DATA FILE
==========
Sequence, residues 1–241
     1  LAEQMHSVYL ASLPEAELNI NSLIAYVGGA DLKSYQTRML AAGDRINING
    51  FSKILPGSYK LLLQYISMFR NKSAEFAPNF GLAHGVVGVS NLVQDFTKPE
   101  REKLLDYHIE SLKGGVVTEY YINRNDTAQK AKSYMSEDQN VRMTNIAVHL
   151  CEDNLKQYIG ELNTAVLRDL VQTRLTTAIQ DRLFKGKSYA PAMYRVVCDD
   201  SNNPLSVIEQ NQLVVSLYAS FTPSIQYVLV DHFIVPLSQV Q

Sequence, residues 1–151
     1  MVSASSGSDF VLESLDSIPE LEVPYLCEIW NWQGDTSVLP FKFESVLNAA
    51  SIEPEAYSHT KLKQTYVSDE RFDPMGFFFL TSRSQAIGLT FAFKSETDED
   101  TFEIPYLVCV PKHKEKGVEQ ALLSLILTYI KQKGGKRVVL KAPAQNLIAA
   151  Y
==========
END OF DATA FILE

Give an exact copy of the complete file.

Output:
Sequence, residues 1–241
     1  LAEQMHSVYL ASLPEAELNI NSLIAYVGGA DLKSYQTRML AAGDRINING
    51  FSKILPGSYK LLLQYISMFR NKSAEFAPNF GLAHGVVGVS NLVQDFTKPE
   101  REKLLDYHIE SLKGGVVTEY YINRNDTAQK AKSYMSEDQN VRMTNIAVHL
   151  CEDNLKQYIG ELNTAVLRDL VQTRLTTAIQ DRLFKGKSYA PAMYRVVCDD
   201  SNNPLSVIEQ NQLVVSLYAS FTPSIQYVLV DHFIVPLSQV Q

Sequence, residues 1–151
     1  MVSASSGSDF VLESLDSIPE LEVPYLCEIW NWQGDTSVLP FKFESVLNAA
    51  SIEPEAYSHT KLKQTYVSDE RFDPMGFFFL TSRSQAIGLT FAFKSETDED
   101  TFEIPYLVCV PKHKEKGVEQ ALLSLILTYI KQKGGKRVVL KAPAQNLIAA
   151  Y